Objective. This study examined the occupations of mothering very young children with physical disabilities.
Method. Two single, urban, Black mothers in their mid-20s were interviewed with a semistructured protocol. The audiotaped, transcribed data were analyzed with a phenomenological method.
Results. The context of the challenging urban environment was a constant influence that shaped the participants’ occupations of mothering. The major overarching theme derived from the data was that mothering was “what I got to do” in relation to their particular child. Two subthemes were identified: (a) mothering as caring and (b) the impact of social supports on the occupations of mothering.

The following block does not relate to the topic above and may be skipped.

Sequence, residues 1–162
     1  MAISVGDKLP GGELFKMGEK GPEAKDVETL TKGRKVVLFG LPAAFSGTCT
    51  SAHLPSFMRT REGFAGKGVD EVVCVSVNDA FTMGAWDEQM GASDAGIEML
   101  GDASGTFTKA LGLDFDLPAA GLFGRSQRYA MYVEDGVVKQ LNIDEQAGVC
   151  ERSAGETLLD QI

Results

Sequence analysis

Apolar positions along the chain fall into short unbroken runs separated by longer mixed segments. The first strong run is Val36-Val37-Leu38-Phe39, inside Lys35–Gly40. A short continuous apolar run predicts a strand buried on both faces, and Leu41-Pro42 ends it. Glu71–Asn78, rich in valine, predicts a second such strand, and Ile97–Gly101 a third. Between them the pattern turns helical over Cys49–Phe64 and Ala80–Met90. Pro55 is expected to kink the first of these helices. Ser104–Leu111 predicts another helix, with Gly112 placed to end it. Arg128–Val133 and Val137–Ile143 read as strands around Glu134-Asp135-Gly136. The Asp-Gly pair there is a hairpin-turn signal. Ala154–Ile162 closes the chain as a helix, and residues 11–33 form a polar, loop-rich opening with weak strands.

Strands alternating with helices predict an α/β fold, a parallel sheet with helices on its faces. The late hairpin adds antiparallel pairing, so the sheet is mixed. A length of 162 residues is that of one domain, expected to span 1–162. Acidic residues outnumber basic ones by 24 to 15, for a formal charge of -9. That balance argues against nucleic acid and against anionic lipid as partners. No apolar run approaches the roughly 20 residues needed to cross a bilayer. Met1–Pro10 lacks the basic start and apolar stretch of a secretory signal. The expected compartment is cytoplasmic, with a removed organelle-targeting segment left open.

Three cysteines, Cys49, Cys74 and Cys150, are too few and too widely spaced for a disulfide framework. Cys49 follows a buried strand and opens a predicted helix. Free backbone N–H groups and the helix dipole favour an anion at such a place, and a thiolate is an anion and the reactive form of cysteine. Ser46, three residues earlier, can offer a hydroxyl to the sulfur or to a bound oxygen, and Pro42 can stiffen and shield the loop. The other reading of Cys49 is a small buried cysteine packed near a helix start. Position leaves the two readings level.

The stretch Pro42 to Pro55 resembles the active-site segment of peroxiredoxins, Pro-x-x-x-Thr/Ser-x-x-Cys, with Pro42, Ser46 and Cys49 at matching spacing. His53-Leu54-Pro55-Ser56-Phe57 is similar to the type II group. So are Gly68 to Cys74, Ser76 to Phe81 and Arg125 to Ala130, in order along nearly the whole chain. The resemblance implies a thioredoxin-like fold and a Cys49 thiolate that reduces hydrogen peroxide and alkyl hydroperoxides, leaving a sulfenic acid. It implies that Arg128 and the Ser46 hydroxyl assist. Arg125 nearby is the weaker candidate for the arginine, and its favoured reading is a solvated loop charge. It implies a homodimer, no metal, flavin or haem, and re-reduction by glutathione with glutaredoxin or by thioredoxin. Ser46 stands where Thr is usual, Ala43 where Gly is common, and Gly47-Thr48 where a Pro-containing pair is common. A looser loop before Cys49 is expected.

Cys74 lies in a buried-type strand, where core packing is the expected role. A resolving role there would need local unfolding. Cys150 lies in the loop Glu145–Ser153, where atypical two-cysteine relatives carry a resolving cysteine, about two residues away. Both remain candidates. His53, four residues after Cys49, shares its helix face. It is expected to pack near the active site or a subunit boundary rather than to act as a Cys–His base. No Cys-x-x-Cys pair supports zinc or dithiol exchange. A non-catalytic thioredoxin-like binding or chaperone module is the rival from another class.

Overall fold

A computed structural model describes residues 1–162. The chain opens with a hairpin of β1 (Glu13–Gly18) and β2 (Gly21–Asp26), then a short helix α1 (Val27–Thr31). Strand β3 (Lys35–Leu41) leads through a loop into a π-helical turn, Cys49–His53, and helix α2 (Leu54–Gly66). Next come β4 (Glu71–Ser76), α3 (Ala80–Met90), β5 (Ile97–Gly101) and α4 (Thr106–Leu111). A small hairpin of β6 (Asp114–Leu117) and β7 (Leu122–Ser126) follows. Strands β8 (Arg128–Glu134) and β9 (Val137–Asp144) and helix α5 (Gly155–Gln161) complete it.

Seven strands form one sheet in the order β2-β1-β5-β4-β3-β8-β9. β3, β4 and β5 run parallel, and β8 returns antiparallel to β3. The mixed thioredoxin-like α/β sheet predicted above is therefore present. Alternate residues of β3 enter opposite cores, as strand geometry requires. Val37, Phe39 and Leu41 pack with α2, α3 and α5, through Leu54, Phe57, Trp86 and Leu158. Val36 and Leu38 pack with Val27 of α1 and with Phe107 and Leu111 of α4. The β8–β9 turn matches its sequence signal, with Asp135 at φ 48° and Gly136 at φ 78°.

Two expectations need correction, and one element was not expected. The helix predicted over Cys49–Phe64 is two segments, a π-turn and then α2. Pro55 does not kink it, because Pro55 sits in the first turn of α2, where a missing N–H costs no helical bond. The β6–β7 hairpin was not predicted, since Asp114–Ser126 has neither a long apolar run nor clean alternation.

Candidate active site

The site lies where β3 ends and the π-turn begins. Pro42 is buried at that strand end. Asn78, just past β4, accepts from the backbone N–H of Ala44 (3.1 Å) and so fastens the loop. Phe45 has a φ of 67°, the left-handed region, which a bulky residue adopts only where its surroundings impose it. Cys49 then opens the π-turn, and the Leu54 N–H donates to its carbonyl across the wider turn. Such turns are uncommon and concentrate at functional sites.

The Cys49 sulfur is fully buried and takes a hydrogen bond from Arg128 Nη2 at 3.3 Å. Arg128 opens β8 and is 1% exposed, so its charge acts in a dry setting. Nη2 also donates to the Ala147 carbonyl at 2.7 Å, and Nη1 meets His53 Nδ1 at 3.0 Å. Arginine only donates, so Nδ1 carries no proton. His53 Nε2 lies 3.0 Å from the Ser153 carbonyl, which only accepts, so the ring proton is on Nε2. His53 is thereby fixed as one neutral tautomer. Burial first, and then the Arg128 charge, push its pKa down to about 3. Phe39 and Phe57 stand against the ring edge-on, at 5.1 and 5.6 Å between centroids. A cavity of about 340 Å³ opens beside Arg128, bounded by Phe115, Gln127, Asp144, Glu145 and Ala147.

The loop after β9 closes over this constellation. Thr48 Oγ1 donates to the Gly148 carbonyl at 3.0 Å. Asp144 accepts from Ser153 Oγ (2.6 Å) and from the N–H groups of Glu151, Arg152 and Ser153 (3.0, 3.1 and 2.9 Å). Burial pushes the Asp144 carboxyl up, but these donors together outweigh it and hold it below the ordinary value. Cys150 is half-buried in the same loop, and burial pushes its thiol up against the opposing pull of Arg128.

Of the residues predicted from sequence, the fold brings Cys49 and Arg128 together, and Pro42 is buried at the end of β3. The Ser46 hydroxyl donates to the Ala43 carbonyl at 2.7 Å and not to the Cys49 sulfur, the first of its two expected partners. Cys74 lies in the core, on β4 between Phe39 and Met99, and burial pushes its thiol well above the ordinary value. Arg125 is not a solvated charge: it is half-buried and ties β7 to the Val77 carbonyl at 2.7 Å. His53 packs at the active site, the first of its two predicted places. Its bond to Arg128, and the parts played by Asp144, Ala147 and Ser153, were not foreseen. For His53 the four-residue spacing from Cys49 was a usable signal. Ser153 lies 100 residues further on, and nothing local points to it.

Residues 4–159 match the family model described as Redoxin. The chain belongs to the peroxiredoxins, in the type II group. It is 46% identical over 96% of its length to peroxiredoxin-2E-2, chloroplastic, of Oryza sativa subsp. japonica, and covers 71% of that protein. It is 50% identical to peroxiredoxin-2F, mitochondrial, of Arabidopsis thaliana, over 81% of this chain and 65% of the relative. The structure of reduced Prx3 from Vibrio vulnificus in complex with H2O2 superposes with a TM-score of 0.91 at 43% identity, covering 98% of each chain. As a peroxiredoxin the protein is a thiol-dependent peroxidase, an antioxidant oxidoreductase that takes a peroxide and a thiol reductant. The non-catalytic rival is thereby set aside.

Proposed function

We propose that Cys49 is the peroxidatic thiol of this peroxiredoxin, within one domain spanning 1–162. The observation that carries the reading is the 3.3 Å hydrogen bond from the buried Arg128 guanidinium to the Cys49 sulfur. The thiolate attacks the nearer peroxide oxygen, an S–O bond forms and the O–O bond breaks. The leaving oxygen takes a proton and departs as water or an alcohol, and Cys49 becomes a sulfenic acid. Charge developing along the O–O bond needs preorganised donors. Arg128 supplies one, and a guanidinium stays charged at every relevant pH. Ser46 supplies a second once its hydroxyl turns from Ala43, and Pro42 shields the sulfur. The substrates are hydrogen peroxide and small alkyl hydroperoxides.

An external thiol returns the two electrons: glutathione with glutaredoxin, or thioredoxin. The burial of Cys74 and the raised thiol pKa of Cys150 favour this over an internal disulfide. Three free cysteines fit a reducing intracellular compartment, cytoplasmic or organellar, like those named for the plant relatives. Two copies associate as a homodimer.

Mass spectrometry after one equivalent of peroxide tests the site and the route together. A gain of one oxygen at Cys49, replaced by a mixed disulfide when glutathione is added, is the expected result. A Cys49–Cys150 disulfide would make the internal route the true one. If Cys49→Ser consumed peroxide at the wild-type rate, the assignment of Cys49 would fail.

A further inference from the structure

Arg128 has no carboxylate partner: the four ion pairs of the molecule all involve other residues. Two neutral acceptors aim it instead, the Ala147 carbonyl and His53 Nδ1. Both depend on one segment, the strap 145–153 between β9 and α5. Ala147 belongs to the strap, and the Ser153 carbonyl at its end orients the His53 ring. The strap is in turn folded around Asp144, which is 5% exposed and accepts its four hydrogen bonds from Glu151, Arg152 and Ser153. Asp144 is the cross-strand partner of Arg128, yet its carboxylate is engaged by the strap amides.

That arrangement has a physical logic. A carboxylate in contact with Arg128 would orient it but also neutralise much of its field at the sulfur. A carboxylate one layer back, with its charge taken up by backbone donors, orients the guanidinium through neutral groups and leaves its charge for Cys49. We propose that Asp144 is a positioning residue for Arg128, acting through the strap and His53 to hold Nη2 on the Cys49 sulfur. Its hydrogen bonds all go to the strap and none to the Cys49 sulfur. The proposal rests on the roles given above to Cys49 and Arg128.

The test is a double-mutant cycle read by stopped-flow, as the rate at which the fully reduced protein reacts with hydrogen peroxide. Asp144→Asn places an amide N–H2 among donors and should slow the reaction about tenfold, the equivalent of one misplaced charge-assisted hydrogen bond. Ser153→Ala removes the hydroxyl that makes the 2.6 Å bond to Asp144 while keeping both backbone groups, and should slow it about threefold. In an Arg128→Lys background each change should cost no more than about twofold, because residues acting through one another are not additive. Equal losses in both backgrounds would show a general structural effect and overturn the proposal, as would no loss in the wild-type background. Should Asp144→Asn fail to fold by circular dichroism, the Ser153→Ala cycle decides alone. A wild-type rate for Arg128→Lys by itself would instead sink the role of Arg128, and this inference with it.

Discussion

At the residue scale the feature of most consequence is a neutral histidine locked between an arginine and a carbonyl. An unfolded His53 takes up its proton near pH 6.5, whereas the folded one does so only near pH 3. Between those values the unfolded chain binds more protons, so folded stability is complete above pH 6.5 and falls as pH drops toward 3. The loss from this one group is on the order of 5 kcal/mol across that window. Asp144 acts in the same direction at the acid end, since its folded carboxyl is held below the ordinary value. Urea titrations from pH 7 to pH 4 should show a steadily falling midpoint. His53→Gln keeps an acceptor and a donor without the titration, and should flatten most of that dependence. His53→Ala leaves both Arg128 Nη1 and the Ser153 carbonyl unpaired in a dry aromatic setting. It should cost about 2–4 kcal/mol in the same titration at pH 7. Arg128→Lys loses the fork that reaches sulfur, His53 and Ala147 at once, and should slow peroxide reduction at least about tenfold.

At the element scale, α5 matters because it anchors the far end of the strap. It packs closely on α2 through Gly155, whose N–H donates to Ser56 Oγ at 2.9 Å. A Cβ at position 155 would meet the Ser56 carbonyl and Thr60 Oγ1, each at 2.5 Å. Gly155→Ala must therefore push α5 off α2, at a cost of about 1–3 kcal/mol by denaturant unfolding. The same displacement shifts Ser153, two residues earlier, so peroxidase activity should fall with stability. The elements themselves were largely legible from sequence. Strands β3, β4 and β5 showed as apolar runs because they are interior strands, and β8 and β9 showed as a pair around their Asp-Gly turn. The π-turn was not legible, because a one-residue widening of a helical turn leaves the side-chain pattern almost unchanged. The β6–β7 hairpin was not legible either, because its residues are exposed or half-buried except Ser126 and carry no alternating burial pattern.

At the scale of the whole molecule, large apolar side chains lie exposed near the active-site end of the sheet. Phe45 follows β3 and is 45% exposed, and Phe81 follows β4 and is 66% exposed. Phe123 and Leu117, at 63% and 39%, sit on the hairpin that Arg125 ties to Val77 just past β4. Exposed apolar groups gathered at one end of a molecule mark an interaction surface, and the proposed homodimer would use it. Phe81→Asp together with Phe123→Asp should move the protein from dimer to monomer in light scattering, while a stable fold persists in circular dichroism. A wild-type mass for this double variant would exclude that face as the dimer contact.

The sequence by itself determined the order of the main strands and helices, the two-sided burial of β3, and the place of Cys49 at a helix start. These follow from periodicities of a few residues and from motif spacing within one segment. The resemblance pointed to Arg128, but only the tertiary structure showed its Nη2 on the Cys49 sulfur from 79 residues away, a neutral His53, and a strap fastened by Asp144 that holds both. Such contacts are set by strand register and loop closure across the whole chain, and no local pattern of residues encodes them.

Conclusion. To plan meaningful, effective interventions, occupational therapy practitioners need to understand the context in which mothering occupations occur and to ensure that mothers’ caring occupations and social support needs are addressed in the therapeutic partnership.